Friday Frontend: Delightful CSS Quick Hits Edition
Happy Friday! I’m back home, frying in a heatwave and slowly recovering from jetlag. :P At least there were some cool articles this week!
KBall from ZenDev
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CSS & SCSS
A simple but under-utilized pseudoselector, the
:empty selector can make your life easier in a number of ways. This is a delightfully easy read that first explains how the selector works, and then highlights quite a few common UI problems it can solve for you.
What a fun little effect! Using the
transition-delay property to create staggered CSS animations. Love it!
Solid overview of CSS units. There’s more here than I realized! For example, did you know that
mm (millimeters) and
in(inches) are valid CSS units? Doesn’t make much sense for the web, but when you consider print stylesheets… very interesting. The other pair that I hadn’t known about were
vmax for using the smallest or largest dimension of the viewport. Some very interesting potential here…
Warning: This is a long article, with a lot to wrap your head around. And for the stated goal (removing unused CSS from a generated spreadsheet) tools like uncss are both simpler and probably better. However. This is a fascinating exploration of meta-programming and dynamic inclusions of different CSS files using SCSS, and got my head spinning about different ways to use this approach when building frameworks, libraries, and toolkits. Worth a readthrough if that type of thing is your jam.
Chris Coyier drawing together the manifold opinions of a number of experts in the field to start fleshing out a little bit more of a roadmap for when CSS-in-JS makes sense and when it doesn’t. This is a fraught topic and he does a great job of bringing a range of perspectives to it.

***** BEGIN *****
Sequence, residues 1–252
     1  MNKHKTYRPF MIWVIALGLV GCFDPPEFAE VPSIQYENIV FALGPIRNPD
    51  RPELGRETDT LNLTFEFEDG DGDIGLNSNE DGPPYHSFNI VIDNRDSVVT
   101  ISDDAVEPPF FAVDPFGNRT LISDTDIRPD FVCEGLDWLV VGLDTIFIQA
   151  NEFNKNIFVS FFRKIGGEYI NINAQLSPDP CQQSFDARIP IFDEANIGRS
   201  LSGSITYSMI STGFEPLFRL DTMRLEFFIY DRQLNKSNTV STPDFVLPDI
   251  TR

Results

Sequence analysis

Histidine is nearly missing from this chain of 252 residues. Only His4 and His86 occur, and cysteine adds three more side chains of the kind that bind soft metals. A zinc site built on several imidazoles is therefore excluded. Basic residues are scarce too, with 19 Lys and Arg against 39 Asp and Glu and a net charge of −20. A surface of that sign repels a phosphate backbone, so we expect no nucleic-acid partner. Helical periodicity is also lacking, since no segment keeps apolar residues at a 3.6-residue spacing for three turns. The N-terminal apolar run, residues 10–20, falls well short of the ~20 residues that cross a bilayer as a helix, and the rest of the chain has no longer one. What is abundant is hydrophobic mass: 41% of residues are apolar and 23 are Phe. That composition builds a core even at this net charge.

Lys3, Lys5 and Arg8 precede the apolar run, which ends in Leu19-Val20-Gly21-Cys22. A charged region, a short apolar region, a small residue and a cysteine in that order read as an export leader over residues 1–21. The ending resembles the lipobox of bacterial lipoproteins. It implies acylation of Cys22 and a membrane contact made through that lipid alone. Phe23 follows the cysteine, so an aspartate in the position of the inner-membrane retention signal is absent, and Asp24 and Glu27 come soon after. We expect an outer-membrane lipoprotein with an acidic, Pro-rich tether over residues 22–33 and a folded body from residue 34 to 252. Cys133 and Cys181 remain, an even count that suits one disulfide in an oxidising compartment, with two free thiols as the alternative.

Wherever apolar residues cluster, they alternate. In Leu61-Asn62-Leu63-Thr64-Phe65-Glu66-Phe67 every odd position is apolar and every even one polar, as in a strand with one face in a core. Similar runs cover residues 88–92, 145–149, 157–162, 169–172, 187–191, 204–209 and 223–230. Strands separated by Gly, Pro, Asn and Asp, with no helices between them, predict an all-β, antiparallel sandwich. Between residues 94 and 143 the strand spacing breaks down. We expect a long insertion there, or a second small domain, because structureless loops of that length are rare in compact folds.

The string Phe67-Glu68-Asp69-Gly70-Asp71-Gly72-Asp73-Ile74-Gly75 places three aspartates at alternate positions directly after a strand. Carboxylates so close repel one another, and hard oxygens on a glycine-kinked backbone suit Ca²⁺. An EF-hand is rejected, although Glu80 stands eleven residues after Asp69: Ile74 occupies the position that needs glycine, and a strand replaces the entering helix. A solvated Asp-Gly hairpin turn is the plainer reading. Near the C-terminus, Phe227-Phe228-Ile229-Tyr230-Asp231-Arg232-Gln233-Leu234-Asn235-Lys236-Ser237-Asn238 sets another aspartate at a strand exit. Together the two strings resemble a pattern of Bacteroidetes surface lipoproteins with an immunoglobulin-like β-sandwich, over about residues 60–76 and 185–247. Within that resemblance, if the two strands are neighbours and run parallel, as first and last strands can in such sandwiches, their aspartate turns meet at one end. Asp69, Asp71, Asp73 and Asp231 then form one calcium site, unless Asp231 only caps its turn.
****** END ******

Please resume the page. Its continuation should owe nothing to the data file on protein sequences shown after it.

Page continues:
A great look at the different ways you can combine promises. Digs into the thinking behind them, does some looks at implementation, and highlights uses. A great read for leveling up your skills working with promises and asynchronicity.
I like this article (and the next one in the series here) because they not only dig into the ‘how to’ but also the ‘why to’ test in particular ways, and explore some of the ways in which testing UIs is different than testing backend services, and thus might have different things you chose to optimize for.
An interesting exercise looking at a range of ways of exploiting asynchronous loading to code split & load code as needed. Often this conversation stops and starts with asynchronous components, but they go much deeper than that.
I’m super excited about this! Browser-level lazyloading for images, iframes and more via a simple HTML attribute. Currently shipping only in Chrome, but digging into the whatwg issue there is significant engagement from the Webkit team so I imagine Safari will not be far behind, which at least gets to the vast majority of mobile browsers where this is of the biggest value.
Interesting look into an aspect of performance I haven’t seen discussed much by front-end devs - the pure latency before even a single byte gets back to the client’s browser. Looks at all the factors that can go into that and digs into some new tools available to start breaking this down and improving it.
This is a paywalled medium piece (which I usually try to avoid in this newsletter), but if you’re just looking at 1 they should let you through and it is just too good to skip. Incredible insights that can be applied to engineering, problem solving, or just life in general.
That's it for this week's Friday Frontend newsletter. If you enjoyed this, be sure to sign up to get these newsletters straight to your inbox every Friday!